Catholic Heroes… St. Leander Of Seville

February 27, 2020 saints Comments Off on Catholic Heroes… St. Leander Of Seville

By CAROLE BRESLIN Brothers and sisters in Christ have also been blood brothers and sisters in Christ such as Peter and Andrew; James and John; Martha and Mary; and St. Benedict and St. Scholastica. In Seville, the family of Severianus and his wife had at least four children who are saints. Three of his sons became bishops: St. Isidore was bishop of Seville and is a doctor of the Church, St. Fulgentius was bishop of Carthage, and St. Leander also served as bishop in Seville. A sister, St. Florentina, was a nun who led forty convents with about one thousand nuns. Leander was born in 534 to this family of illustrious roots. His father came from a prestigious Hispano-Roman family…Continue Reading

Catholic Heroes… St. Frances Of Rome

February 20, 2020 saints Comments Off on Catholic Heroes… St. Frances Of Rome

By CAROLE BRESLIN Saints come from all states of life and forms of associations within the Church. Quite a few of them were members of Third Orders. A Third Order is an “association of the faithful established by religious orders. Dating from the thirteenth century, they may be either secular or regular. If secular, they are lay persons, commonly called tertiaries. If regular, they are religious, bound by public vows, and live in community. Originally, Third Orders were Franciscan or Dominican, but the Holy See has since approved many others, both secular and regular, e.g., the Augustinians, Carmelites, Servites, Benedictines, and Trinitarians” (Modern Catholic Dictionary, Fr. John A. Hardon, SJ, p. 538). These associations are called Third Orders since the…Continue Reading

Catholic Heroes… St. Margaret Of Cortona

February 13, 2020 saints Comments Off on Catholic Heroes… St. Margaret Of Cortona

By CAROLE BRESLIN Great sinners make great saints. It takes a strong-willed child to become a saint. These are statements which would easily fit saints such as Mary Magdalene and St. Augustine. In the thirteenth century, a young lady free in spirit and strong in will led such a life that she was essentially driven from her home village, but later in life Mary Magdalene and Jesus appeared to her as their beloved. Her change in behavior was so abrupt and was so different from her unwholesome ways that she was once again driven away by her family — not because of her immorality, but because of the extremes to which she went in loving repentance. Margaret was born in…Continue Reading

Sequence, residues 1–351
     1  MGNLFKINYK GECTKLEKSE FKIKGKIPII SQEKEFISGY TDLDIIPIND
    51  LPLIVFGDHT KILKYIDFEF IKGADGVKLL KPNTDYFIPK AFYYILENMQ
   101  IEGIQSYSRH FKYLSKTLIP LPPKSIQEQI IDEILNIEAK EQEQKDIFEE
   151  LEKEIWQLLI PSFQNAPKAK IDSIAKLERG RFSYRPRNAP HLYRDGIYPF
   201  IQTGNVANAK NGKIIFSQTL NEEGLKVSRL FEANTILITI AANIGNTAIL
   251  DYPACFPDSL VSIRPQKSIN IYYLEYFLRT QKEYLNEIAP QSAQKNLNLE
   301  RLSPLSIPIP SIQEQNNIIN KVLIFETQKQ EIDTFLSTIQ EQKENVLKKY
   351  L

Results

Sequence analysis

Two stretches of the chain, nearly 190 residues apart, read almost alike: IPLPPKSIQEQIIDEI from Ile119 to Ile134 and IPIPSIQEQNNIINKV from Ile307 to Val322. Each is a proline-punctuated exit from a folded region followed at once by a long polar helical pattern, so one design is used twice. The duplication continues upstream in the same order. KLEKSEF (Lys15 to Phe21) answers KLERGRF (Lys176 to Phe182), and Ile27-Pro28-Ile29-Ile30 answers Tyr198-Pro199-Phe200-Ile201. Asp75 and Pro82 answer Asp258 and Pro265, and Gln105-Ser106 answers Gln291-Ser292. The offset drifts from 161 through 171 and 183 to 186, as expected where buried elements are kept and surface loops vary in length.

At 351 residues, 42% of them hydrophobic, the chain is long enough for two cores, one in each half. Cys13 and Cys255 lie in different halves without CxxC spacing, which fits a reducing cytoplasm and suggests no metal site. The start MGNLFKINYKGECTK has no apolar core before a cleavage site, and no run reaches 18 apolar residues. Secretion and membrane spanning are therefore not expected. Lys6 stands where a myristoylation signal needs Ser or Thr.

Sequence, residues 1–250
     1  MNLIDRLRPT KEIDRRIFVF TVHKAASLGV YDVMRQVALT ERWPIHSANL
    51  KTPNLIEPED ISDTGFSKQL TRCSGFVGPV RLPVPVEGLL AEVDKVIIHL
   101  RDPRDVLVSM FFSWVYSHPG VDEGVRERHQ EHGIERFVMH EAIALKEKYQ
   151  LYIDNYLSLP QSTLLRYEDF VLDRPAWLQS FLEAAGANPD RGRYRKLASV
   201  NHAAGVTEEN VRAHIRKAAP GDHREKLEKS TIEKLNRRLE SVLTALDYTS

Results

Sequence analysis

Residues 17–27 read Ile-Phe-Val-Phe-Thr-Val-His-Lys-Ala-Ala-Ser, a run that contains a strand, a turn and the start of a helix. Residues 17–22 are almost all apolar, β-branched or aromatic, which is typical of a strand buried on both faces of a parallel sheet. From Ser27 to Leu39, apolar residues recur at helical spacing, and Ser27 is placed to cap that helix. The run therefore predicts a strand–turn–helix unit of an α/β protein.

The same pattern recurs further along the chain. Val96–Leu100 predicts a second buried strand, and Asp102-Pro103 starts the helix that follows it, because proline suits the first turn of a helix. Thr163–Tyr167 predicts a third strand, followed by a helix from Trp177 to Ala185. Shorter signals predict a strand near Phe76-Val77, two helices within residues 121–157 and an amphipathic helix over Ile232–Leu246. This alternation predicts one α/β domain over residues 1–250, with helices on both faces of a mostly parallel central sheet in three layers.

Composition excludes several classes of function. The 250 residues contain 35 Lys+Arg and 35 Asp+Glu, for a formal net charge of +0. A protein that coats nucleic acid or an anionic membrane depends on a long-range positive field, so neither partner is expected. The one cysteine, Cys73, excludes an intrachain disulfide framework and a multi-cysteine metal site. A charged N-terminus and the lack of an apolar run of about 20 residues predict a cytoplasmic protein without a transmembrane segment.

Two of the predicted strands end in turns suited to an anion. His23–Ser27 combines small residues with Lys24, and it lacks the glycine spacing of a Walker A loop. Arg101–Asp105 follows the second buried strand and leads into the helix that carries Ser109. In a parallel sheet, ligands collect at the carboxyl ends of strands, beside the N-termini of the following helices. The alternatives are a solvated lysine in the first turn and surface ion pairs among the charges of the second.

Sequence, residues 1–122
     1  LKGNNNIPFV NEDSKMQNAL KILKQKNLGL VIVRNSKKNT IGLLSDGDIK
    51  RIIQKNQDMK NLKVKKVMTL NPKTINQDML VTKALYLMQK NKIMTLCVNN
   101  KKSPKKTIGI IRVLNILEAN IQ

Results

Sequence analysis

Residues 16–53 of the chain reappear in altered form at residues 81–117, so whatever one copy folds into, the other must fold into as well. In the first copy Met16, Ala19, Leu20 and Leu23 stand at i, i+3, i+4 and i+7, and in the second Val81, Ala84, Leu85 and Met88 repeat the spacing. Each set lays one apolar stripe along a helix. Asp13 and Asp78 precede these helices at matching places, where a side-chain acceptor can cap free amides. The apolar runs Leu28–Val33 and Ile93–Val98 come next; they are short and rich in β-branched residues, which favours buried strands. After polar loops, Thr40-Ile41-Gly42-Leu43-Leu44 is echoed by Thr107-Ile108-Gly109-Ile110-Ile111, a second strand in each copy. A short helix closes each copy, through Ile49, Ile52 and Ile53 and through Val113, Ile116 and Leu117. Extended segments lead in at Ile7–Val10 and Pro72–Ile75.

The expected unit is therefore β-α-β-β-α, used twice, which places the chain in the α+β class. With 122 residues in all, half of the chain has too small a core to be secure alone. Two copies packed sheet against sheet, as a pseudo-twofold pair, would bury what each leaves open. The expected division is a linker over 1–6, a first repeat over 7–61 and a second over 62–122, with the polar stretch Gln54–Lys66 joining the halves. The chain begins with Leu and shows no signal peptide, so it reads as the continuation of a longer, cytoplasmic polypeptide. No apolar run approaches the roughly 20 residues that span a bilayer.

Catholic Heroes… St. Francesco Spinelli

February 6, 2020 saints Comments Off on Catholic Heroes… St. Francesco Spinelli

By CAROLE BRESLIN Ecclesia de Eucharistia: This is the title of the encyclical letter written by Pope St. John Paul II issued on April 17, 2003. This wonderful work begins, “The Church draws her life from the Eucharist.” In it he cites Lumen Gentium of the Second Vatican Council which tells us that the Eucharist is the source and summit of our life in the Church. Many saints have also made the Eucharist the center of their lives and have written extensively on this greatest mystery of our faith. St. Alphonsus Liguori, St. Peter Julian Eymard, Servant of God Fr. John A. Hardon, SJ, and St. Francesco Spinelli all had a deep and abiding love for our Lord really and…Continue Reading

Catholic Heroes… St. Alfonso Maria Fusco

January 30, 2020 saints Comments Off on Catholic Heroes… St. Alfonso Maria Fusco

  By CAROLE BRESLIN In the Old Testament six barren women prayed that God would give them children. For example, Sarah, Abraham’s first wife, gave birth to Isaac at an old age. Manoah’s wife gave birth late in life, as did Samuel’s wife. In addition, Jacob’s wife also gave birth to sons late in life. In the New Testament, Elizabeth delivered St. John the Baptist when she was advanced in years. Even in modern times, women have asked special saints for their intercession when yearning for children. On January 31, 1834, Aniello Fusco and Giuseppina Schianova were married in the Collegiata of St. John the Baptist. After four years of marriage and no children, they turned to St. Alphonsus Liguori,…Continue Reading